• Rape or incest engenders sympathy, and rightly so, for the victim. However, sympathy and concern should be confined to helping and healing the victim; caring for her and the innocent life within her. Caring for the victim cannot justify killing innocent life whether or not the woman - now a mother - desires an abortion. Murder is not a solution, even if the mother at such a distraught time believes it is.

    • While abortion may seem to some like the best course of action for a mother after being assaulted, there is growing evidence that abortion harms the victim physically, psychologically and spiritually in the long term.

    • In rape or incest, promotion of "therapeutic abortion" is derived from an assumption one could refer to as "murder-as-therapy." However, even if an abortion could provide the assault victim temporary relief there is no evidence to support the tenet that abortion provides long term benefits. The unfortunate woman and her sexuality is instead victimized twice. Any negative effects- physical, psychological or spiritual-arising from the abortion can only compound pre-existing problems. Also, destroyed are the potentially positive benefits for the mother which may arise from unselfishly preserving the life of her child. And, of course, one cannot forget the tragedy and injustice of abortion in regard to the preborn child.

    • Our abhorrence towards incest (or rape) engenders sympathy for the victim, and rightly so. However, our sympathy and concern for the victim should not cloud our judgment on what is right or wrong. Also, the preborn baby equally deserves our sympathy and concern, especially under such unfortunate circumstances.

    • We must deal with a tragedy in an appropriate manner. A negative event should be handled with a positive response. Killing a preborn baby is not, and never can be, a positive response to any situation. Also, we must be clear as to what is negative in the case of an incest victim becoming pregnant; obviously, the act (or acts) of incest is what is to be deplored. In contrast, conception, regardless of the precursory circumstances, is not negative: it is the creation of a new, unique and precious human being.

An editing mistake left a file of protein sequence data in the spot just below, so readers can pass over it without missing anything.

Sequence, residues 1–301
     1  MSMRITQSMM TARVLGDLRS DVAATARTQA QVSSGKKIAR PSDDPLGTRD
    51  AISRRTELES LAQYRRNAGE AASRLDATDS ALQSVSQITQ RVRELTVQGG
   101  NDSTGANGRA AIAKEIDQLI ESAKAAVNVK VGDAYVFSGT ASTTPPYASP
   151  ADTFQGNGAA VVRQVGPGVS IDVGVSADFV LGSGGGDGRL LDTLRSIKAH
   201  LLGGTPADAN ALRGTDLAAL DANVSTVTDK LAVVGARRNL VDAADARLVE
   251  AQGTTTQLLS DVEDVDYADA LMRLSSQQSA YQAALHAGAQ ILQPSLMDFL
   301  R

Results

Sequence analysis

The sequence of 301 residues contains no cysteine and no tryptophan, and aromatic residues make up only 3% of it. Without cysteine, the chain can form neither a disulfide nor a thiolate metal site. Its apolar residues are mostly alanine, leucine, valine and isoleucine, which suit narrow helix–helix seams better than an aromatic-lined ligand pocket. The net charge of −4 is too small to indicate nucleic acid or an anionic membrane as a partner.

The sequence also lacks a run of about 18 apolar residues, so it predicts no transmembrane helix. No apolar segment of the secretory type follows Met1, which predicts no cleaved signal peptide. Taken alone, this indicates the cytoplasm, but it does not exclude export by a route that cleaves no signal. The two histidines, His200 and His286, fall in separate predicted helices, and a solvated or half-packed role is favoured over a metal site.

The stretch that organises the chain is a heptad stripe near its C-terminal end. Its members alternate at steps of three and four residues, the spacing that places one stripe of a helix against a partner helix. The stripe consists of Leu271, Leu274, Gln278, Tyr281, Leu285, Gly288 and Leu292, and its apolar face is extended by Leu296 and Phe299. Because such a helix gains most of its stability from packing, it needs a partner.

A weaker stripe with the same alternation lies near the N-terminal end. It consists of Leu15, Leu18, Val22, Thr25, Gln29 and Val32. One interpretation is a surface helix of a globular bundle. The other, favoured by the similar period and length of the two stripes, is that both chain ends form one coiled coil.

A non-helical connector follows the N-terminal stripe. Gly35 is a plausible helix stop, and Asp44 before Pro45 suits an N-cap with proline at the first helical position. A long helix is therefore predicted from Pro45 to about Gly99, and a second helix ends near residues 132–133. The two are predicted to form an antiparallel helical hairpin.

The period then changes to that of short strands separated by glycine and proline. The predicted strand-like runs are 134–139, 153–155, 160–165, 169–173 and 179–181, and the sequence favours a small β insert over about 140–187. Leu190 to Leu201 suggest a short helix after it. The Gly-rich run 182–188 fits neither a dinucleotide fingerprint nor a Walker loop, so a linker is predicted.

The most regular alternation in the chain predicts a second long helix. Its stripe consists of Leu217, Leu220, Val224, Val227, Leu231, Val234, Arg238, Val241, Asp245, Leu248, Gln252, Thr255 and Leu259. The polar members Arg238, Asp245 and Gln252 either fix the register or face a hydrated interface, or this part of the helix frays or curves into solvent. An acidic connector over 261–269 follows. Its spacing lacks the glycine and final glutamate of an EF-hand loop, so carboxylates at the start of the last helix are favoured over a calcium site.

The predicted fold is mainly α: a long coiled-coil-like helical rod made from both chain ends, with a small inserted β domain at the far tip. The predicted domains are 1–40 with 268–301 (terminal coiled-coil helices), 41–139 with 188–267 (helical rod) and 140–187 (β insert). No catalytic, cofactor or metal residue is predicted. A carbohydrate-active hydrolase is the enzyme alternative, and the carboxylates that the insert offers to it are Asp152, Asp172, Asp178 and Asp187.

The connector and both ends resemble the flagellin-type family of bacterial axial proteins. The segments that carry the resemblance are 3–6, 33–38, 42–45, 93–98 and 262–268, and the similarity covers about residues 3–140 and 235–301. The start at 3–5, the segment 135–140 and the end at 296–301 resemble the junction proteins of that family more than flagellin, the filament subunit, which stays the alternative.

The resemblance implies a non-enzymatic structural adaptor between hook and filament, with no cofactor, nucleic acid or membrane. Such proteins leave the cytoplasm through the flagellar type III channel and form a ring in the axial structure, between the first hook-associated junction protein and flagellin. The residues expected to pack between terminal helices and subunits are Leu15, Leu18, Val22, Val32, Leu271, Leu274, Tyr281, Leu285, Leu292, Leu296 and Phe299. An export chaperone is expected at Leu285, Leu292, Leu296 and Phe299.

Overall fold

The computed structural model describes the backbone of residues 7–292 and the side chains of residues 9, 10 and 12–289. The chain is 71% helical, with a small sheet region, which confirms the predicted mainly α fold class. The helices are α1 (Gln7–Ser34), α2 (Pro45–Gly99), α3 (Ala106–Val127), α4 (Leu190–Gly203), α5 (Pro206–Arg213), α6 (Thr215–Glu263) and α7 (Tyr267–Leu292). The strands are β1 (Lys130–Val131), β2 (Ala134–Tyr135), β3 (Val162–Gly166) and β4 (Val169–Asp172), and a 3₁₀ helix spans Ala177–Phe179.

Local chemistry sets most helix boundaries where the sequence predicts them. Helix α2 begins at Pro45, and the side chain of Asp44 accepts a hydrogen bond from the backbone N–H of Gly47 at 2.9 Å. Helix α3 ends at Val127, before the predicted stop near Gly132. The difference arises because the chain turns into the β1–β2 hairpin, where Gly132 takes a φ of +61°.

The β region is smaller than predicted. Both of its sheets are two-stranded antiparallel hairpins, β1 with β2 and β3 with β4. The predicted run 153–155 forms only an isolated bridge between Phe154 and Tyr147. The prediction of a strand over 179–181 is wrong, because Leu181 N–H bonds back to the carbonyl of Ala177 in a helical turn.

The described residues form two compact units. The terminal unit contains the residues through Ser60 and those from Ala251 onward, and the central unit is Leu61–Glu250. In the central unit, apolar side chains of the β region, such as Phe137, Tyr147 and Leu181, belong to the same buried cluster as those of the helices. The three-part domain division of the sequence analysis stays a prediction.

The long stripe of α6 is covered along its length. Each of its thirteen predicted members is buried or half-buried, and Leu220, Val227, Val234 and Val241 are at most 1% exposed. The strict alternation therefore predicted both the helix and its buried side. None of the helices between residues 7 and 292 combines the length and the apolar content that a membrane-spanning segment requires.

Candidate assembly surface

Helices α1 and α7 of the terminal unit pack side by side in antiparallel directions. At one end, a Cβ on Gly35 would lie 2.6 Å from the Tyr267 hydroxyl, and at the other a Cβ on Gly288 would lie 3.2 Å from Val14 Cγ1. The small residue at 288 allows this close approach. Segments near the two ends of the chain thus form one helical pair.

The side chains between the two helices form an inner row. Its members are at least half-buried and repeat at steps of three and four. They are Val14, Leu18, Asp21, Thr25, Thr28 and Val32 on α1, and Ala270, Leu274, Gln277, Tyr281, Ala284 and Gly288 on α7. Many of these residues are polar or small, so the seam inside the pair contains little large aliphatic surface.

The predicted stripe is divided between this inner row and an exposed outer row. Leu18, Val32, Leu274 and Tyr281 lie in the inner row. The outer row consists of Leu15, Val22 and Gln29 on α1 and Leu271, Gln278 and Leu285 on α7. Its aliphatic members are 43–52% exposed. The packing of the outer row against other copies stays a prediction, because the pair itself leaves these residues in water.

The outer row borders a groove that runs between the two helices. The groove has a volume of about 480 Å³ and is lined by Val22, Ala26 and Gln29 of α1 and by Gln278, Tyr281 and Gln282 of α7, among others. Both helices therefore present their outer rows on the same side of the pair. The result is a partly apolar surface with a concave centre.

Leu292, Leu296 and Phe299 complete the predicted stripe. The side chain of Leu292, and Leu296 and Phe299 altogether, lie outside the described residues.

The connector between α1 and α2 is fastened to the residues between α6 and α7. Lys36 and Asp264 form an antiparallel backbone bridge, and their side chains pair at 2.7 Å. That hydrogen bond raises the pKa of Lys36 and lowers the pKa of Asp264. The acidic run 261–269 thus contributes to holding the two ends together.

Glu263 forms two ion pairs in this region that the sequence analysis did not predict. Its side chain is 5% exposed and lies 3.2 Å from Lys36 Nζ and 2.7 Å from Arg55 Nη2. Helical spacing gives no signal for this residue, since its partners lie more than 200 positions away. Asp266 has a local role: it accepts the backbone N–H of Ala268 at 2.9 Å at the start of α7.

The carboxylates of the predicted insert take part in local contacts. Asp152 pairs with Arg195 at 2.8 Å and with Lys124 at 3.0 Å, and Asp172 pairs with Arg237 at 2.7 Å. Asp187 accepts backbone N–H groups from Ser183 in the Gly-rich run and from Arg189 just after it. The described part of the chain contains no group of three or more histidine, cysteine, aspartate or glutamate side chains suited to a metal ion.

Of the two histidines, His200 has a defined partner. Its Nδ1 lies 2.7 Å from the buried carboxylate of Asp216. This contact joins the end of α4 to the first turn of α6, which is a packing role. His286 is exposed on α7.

Life of the Mother

  • In the event that the mother's life is threatened, we must remember that there are two patients involved. Every possible effort must be made to save both.

  • There are virtually no conditions that threaten the mother's life in which abortion is a medically recognized treatment. In some conditions (e.g., an ectopic pregnancy or a cancerous uterus) a treatment may be required which indirectly kills the preborn. But in such cases, the treatment does not legally or morally qualify as an abortion. When removing a cancerous uterus, the intent is to save the mother; every effort to save the child should still be made. Thus even if the child dies, the treatment is still fully justified. The death of the child was never INTENDED. In contrast, for an abortion the intent is always the same: to kill the preborn child.

      Quote from Dr. Alan Guttmacher, pro-abortionist and former head of Planned Parenthood, in 1967: "Today it is possible for almost any patient to be brought through pregnancy alive, unless she suffers from a fatal illness such as cancer or leukemia, and if so, abortion would be unlikely to prolong, much less save life."

    • Ember Friday
      December 16, 2005
      vol 16, no. 320
      Faithful to Tradition